>”I have no doubt that for some voters (and maybe for more than some) this is what’s most appealing about Trump: They want a defender, someone who’ll fight like hell for their interests as passionately as he fights for his own, someone who’ll respond to the identity politics of the left (which favors people of color and women) with an identity politics of the right (which favors Caucasians and men), even at the risk of being called a racist and a sexist by the politically correct elite of both parties.

    >This is what Trump appears to have in mind — a politics of ethnic, racial, and gender grievance for white male America. Only someone who lives entirely in and for ideas could believe that an America that descended fully into this kind of Balkanized politics could somehow emerge on the other side ready to re-embrace the colorblind rule of law. It would be far more likely to break apart into angry, rivalrous factions incapable of fastening onto any overarching notion of a common good.”

    There is only one possible response: We already have a politics of ethnic, racial, and gender grievance. (It has simply been utterly one-sided until very recently.) We already have angry, rivalrous factions incapable of fastening onto any overarching notion of a common good. (Besides, nobody can agree on a definition of “common good”; for who, whom?) We do not have the colorblind rule of law. (And what they call “rule of law” is itself turning into a sham.)

    The “politically correct Republican elite” have failed utterly, are quite obviously nothing more than Moldbug’s Outer Party, and conserve nothing. They have enabled and abetted America’s politics of ethnic, racial, and gender grievance. It should surprise nobody that voters are starting to notice. That these voters should latch onto whatever alternatives present themselves is also, of course, no surprise.

    Typically disgraceful showing from The Week.


    Posted on June 15th, 2016 at 9:53 am Reply | Quote
  • Brett Stevens Says:

    Neoreaction represents more of a vocabulary for analyzing modern society, like an API/SDK for a complex app, than an end result in itself. This is why pop-NRX has somewhat fallen into decay, and the alternative right is assimilating from within much of what remains.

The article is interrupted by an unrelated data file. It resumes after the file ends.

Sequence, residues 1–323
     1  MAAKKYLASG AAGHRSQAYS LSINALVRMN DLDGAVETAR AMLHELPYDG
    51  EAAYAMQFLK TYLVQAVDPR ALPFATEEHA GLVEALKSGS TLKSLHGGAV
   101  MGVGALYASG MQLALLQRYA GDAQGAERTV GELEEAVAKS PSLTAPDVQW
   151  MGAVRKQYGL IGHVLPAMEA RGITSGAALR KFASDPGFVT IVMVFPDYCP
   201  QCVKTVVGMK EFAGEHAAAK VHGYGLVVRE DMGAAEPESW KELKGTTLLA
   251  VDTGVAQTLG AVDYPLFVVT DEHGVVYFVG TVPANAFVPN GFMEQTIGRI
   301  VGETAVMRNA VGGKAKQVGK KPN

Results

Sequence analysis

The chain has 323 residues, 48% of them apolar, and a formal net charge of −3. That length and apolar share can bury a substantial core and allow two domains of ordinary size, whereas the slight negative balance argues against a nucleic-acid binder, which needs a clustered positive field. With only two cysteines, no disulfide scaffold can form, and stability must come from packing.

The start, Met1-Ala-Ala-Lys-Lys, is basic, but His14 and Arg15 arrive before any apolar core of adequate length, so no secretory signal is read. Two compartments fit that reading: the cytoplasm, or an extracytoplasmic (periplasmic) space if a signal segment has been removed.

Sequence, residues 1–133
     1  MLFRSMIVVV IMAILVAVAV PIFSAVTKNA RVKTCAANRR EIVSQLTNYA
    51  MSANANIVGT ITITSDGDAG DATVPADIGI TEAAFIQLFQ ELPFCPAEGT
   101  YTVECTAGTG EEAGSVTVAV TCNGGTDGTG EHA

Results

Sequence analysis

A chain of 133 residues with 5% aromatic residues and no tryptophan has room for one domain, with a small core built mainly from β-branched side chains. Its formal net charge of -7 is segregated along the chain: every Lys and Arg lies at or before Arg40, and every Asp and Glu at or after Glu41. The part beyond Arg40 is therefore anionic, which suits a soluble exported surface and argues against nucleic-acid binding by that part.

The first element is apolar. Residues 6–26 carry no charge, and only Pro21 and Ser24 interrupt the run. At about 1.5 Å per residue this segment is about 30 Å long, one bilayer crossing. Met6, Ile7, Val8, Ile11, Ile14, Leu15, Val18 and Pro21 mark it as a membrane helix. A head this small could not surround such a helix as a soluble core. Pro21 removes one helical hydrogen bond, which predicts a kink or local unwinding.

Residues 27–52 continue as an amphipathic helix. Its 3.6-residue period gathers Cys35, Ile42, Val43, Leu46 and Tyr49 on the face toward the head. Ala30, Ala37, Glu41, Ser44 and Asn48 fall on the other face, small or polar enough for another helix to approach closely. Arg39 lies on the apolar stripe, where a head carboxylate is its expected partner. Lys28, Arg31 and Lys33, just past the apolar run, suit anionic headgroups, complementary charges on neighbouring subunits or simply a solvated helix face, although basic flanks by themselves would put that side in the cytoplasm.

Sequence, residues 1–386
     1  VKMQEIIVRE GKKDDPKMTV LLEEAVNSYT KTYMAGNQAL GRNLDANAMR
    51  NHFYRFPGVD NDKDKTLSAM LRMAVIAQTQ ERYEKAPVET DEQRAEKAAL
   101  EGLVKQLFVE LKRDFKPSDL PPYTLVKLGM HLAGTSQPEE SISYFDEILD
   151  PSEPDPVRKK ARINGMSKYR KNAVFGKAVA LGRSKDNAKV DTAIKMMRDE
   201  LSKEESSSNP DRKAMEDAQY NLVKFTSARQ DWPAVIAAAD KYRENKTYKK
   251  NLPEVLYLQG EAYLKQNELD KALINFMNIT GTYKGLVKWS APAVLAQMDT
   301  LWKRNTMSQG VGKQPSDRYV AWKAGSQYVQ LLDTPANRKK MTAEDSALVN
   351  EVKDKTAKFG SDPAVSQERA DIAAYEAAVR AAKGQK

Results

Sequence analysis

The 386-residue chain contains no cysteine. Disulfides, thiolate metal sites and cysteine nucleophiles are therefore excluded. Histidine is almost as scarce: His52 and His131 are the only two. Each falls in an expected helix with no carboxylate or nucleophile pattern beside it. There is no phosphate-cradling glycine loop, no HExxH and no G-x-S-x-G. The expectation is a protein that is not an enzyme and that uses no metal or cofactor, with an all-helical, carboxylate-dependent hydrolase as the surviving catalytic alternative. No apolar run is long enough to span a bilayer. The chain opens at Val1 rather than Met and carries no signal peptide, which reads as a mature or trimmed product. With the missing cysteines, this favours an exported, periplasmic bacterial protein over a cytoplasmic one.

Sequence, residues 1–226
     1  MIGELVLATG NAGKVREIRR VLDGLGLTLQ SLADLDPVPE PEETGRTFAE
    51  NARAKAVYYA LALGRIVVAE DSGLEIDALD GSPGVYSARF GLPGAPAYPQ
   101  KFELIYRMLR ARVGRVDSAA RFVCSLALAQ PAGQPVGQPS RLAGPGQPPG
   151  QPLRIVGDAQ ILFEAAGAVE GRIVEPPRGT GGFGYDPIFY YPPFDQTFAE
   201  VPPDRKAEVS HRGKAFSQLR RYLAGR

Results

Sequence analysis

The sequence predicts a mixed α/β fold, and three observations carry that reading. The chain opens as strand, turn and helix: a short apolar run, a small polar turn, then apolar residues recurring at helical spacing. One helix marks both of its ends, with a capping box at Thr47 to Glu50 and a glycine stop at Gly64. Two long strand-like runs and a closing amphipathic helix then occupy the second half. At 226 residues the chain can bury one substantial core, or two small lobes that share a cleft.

Us 1788 types are here pushing the alternative right to even greater extremes… 14/88 is just not far enough.


    Posted on June 15th, 2016 at 11:51 am Reply | Quote
  • pedanticmoron Says:

    Here’s a shit post if there ever was one, but I just can’t fucking stand Social Matter. What an awful website, what horrible writers.

    Nothing but a huge liability.


    Grotesque Body Reply:

    My grandfather’s conservatism looks pretty good in comparison.


    Posted on June 15th, 2016 at 3:55 pm Reply | Quote
  • Mark Warburton Says:

    Nick – worth a read.


    Tentative Joiner Reply:

    The ending of the game presents a trilemma very congruent with the NRx analysis of capital: do you, as a sovereign, try to maintain its apparently stable present orbit (by propping up and joining the Illuminati — comparisons to the Cathedral are far too obvious), push through the boundary of stability backwards into the peace and safety of a new dark age or accelerate forward towards a singularity that merges cyborg-you with it (“This is what I was made for, isn’t it?”)?


    Tentative Joiner Reply:

    The words “backwards” and “forward” above may unnecessarily suggest a strictly linear view of history. I should have instead evoked orbital mechanics more directly since the trilemma is agnostic towards the structure of human history; it only requires acknowledging that the history capital can be organized into — since we are talking computer games — a technology tree of rough dependencies.


    Posted on June 16th, 2016 at 2:06 am Reply | Quote
  • John Hannon Says:

    Re. the Evolution of consciousness link – maybe consciousness* is not what brains produce but rather what they accommodate, as succinctly suggested here by Peter Russell –

    *Maybe the term “conscious-ing” would be more appropriate here, implying as it does activity rather than thingness – an activity or process field that brains might accommodate or participate in to whatever degree their particular complexity facilitates.
    Just a thought.


    Posted on June 16th, 2016 at 8:26 am Reply | Quote
  • Alvin Says:

    Off-topic, but does anyone remember this article about a bankster analyst saying the only three relevant areas of the world for economic predictions were China, Europe and the US, and even Russia and Turkey were irrelevant? I remember reading it a few months ago but can’t find it now.